2007-11-16 / Front Page

Tears, Remembrances At AA 587 Ceremony

By Miriam Rosenberg

It has been six years since American Airlines Flight 587 crashed into a Belle Harbor intersection, killing 265 people, including five local residents who were at home on that Veterans Day morning.

Family members place flowers at the Beach 116 Street memorial to those who died when American Airlines Flight 587 crashed into Belle Harbor on November 12, 2001. This was the sixth anniversary of the crash and hundreds came to the memorial to remember those who died. Photo by Howard Schwach Family members place flowers at the Beach 116 Street memorial to those who died when American Airlines Flight 587 crashed into Belle Harbor on November 12, 2001. This was the sixth anniversary of the crash and hundreds came to the memorial to remember those who died. Photo by Howard Schwach On a cold, gloomy Monday morning this week, family and friends of the deceased joined with Mayor Michael Bloomberg and other members of his cabinet, to commemorate the lives of those lost, in a somber ceremony at the Flight 587 Memorial at the southern end of Beach 116 Street.

"This memorial has become a destination for thousands of people who come to this spot to contemplate [the lives of those who were lost]," said Bloomberg during the proceedings.

After reminding the crowd of the words on the entryway into the memorial "Afterwards I only want peace," Bloomberg said, "It is truly our prayer their souls have found peace."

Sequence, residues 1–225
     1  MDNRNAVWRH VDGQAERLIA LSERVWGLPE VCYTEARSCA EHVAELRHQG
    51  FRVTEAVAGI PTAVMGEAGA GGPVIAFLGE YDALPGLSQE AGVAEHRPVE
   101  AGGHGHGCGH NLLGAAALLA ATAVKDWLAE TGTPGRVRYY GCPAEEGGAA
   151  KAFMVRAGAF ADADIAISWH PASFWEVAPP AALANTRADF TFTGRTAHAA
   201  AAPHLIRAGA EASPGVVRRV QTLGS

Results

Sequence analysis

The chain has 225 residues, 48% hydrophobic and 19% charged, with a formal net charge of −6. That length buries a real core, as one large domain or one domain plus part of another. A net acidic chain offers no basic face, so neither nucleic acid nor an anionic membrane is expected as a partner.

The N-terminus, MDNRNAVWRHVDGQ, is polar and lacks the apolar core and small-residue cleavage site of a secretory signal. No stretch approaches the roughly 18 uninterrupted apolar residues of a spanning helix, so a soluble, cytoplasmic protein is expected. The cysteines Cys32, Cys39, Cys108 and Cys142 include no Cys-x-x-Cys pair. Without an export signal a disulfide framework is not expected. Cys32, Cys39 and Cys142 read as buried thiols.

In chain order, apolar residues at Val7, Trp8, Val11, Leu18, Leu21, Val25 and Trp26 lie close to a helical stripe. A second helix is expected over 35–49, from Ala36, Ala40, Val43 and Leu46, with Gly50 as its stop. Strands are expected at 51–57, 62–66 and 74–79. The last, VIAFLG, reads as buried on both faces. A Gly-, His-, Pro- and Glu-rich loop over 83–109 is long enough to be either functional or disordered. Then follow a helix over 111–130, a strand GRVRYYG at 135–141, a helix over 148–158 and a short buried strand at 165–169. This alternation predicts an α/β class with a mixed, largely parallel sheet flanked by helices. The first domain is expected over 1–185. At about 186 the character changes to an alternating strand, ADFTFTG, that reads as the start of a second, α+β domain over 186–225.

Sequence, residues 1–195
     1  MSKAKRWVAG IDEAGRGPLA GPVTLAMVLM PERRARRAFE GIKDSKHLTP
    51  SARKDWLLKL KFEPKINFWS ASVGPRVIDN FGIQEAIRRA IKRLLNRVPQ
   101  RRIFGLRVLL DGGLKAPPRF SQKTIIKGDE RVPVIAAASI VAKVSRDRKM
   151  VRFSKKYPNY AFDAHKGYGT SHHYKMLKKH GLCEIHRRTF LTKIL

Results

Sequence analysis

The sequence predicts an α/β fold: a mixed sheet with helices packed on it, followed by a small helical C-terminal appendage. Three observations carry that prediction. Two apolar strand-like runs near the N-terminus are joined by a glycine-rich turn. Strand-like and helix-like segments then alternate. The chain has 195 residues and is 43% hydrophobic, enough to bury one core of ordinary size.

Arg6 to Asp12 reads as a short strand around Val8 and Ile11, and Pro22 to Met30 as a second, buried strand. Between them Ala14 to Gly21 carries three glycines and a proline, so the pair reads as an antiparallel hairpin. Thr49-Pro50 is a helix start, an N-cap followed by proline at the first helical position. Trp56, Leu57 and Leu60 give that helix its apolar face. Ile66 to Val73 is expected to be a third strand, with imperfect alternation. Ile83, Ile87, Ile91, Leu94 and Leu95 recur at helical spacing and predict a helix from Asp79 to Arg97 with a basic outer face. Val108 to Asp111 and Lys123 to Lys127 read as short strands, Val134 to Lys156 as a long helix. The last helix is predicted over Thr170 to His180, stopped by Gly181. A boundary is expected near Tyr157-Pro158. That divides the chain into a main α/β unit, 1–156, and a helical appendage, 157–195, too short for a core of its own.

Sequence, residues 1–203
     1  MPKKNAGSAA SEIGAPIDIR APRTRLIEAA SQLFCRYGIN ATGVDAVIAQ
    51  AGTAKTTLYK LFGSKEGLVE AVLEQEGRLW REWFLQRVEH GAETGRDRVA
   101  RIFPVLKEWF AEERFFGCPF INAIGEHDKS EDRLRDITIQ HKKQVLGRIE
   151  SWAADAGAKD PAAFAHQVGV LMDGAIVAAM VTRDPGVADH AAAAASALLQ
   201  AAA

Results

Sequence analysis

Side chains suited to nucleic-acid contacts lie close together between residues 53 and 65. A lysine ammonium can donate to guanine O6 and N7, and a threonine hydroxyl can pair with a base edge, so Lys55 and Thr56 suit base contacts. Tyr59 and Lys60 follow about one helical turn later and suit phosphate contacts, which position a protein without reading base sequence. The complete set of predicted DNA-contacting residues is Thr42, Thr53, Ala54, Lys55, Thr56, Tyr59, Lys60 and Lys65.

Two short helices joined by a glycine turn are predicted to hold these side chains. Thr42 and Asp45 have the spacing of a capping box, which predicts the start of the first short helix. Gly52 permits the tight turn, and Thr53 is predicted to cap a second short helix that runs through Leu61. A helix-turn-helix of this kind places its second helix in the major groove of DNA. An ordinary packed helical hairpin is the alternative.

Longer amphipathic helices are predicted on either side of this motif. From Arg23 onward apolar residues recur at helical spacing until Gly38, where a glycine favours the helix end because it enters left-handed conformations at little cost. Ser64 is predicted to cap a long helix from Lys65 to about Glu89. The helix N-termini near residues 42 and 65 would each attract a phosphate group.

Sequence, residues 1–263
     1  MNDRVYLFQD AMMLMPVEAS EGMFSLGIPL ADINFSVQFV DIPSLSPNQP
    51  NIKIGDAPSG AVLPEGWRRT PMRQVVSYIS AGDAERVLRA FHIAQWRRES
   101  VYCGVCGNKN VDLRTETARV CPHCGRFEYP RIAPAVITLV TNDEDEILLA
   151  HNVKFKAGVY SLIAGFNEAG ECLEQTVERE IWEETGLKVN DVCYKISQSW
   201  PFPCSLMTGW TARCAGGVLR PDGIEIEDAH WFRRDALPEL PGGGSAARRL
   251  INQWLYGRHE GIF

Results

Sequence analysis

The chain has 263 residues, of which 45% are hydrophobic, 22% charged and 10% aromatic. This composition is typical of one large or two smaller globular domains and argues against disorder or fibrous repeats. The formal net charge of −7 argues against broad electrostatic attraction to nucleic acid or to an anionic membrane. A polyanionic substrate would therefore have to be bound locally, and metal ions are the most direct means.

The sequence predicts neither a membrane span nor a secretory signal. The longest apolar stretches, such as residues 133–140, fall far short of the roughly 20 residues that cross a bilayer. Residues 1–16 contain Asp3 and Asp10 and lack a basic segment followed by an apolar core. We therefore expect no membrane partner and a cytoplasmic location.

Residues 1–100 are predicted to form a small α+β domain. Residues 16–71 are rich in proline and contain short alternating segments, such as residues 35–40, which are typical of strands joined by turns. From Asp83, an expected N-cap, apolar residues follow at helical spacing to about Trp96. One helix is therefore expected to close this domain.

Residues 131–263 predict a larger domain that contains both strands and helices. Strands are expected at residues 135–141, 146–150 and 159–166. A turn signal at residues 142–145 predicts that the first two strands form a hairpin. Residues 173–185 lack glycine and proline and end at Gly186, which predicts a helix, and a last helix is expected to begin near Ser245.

Following the reading by family members of each name of those who lost their lives in the tragedy and a performance by the musical ensemble from IS 143, Bloomberg led mourners into the memorial, which features the names of all those who died that day, to pay their respects and to remember the lives they led.

The Wave spoke with several people who came to mark the day.

Ann Curley, a Belle Harbor resident, talked to The Wave about her friends Kathy and Chris Lawler, both of whom were killed that day.

"I grew up with Kathy," said Curley. "I actually saw the plane go into their house. It is very painful."

Merys Martinez lost her husband of 26 years, Juan, when the plane crashed.

"I am very sad today," said Martinez, of the Bronx.

Agatha Furcal came to the ceremony with her cousin Angel Celestino Jr., whose father was a passenger on the plane. Furcal explained the importance of the day to them.

"It helps us remember my uncle," she said, who added her uncle was going to the Dominican Republic on vacation that day in 2001.

Freddy Rodriguez, who designed the memorial, also attended the ceremony.

"This is more than architecture," said Rodriguez, about the memorial. "This is close to my heart. I think the families appreciate what we did."

Rodriguez also said he is working with the families to build a new memorial in the Dominican Republic.

After the formal ceremony, approximately 100 people traveled to the crash site at Beach 131 Street and Newport Avenue. There, they placed flowers around the street-level plaque that was placed at the site three years ago, as well as on the site of the home that has since been built on the southeast corner of the intersection.

Some of the family members reiterated their belief that the memorial should have been built on that piece of land, which many consider "sacred."

"This is like building the 9/11 memorial in Staten Island," one angry family member told The Wave.

Bloomberg spoke at a press conference on the boardwalk on Beach 117 Street after he left the memorial.

"This ceremony gave us the ability to recall the lives of those we lost," said the mayor. "It gives a chance to say prayers for them and to pray that things like this won't happen again.

"I don't think we can feel the loss [they feel]," said the mayor. "But we can express that your loss is our loss."

Bloomberg, who spent time with several family members during the morning, believes the yearly event is "comforting to the families" and promised he would be back in each of the two years remaining in his term. Howard Schwach contributed to this article.

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